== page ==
- Sam Kieth’s artwork in Marvel Comics Presents was unconventional and offbeat, drawing criticism from some readers who thought Wolverine’s body proportions were strange.
- Kieth’s initial pages for his Wolverine run on the series depicted Wolverine fully nude, causing concerns about appropriateness. However, the issue was resolved by covering up Wolverine in subsequent pages.
- Kieth’s unique artistic choices, such as Wolverine’s unconventional body proportions and attempted changes to the “Snikt” sound effect, brought a distinctiveness to his work that many readers loved
Welcome to the 916th installment of Comic Book Legends Revealed, a column where we examine three comic book myths, rumors and legends and confirm or debunk them. This time, in our second legend, see how Sam Kieth decided to take some liberties in a Marvel Comics Presents story in terms of how much of Wolverine’s body we’d see in the story.
Sam Kieth is one of the most inventive comic book artists of the past forty years, with his almost abstract approach to comic book art. In an era of extremely detailed comic book characters, Kieth was bold enough to try to do something completely different with his artwork, and it was extremely compelling in just how offbeat it all was.
Kieth became most famous in the early 1990s for drawing the Wolverine lead feature in Marvel Comics Presents, before he took his talents to Image with his creator-owned series, The Maxx, which famously was adapted into a cult classic animated series for MTV. Kieth has returned to Wolverine on a number of occasions over the years, and has also done a bunch of excellent high profile Batman miniseries.
In any event, as noted, Kieth first broke out doing Wolverine for Marvel Comics Presents, initially paired with Peter David, who Kieth had worked on for Marvel’s short-lived Nightmare on Elm Street comic book series (which was canceled for an interesting reason, as I noted in an old CBLR from years ago), and then an issue of Incredible Hulk. Their initial storyline was interesting for Kieth making some bold choices in terms of Wolverine’s lack of clothes, although he took things a bit TOO far!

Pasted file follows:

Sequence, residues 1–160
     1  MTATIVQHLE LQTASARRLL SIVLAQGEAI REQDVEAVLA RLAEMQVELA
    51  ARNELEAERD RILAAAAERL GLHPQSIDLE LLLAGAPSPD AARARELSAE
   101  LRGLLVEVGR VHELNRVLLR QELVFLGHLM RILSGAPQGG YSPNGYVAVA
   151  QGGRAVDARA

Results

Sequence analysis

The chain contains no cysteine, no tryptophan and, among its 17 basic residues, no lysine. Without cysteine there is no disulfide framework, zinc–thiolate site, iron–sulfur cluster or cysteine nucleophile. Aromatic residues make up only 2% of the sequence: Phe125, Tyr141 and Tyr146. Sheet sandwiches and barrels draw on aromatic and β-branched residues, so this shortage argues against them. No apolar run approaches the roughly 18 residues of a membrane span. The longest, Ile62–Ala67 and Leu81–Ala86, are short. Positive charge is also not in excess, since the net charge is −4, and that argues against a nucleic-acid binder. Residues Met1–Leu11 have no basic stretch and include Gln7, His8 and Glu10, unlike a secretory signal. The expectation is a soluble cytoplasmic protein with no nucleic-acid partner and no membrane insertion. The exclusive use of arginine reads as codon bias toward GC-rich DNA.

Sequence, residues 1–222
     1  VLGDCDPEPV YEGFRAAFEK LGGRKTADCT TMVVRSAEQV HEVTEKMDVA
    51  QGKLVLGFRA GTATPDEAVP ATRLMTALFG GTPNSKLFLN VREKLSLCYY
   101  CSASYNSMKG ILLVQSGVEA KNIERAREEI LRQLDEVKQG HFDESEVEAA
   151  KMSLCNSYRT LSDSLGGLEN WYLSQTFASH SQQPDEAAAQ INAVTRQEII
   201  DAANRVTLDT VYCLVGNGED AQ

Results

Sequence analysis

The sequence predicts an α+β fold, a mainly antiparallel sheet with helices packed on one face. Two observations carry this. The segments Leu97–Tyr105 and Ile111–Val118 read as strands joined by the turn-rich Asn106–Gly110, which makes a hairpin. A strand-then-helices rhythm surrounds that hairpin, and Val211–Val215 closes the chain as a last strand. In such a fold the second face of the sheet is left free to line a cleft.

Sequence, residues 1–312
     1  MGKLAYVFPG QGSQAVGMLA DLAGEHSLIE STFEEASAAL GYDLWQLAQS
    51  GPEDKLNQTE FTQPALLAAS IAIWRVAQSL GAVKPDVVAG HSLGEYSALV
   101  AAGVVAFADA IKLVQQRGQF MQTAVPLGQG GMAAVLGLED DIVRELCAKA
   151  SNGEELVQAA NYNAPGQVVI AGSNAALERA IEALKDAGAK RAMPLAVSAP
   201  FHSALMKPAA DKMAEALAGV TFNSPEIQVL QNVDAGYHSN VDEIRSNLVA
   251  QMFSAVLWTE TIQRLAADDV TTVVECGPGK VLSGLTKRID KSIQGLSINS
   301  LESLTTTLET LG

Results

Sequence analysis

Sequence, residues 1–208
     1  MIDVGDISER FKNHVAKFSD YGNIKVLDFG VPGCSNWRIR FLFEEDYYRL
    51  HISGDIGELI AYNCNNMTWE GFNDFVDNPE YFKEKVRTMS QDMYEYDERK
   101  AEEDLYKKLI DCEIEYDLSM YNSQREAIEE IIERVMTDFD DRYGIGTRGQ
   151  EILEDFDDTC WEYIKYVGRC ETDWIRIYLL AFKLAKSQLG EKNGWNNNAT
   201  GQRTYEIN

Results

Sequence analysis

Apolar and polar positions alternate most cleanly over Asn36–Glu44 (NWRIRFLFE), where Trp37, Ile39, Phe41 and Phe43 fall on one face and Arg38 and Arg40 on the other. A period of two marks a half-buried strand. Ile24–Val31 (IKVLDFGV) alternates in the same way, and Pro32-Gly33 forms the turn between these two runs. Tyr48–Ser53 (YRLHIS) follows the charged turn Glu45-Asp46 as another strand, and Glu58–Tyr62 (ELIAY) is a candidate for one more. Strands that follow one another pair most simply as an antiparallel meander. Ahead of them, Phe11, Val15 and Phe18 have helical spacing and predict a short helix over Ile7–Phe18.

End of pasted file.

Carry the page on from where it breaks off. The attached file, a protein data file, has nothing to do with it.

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How did Sam Kieth’s Wolverine mess with people’s minds a bit?
In a great interview at Sequential Tart with Katherine Keller, Kieth described his start on Marvel Comics Presents, and the strange reactions he received from readers…
It was literally luck that I just happened to be there at the right time and I just started doing covers for them and the cover editor at the time just kept saying that it was wrong and that I should be fired — every issue — and Terry Kavanaugh was really cool and was like, “No, no, just keep letting him screw it up and do weird things.”
Kids would write in and say things like: “Wolverine’s okay, but his back is too round.” “What’s up with Wolverine’s feet? Why are they growing?” And, “Wolverine is really out of proportion, I think your artist is losing his mind or something.” And it was funny, because the letters I would get would be kids who really loved it, or kids who were saying “Why are you ruining my universe.” They had a very specific view of the world. “I’m going through latency,” they wouldn’t say it in those words, but, “I’m going through this world view phase where I’m trying to categorize and order things, and you’re causing chaos by giving me a version of things that are drastically different from everything else. So please, please, please go away and not do that anymore.” [Laughs] So, in that way it was almost a relief when I went off and did my own book, because then I could screw around and introduce my proportions.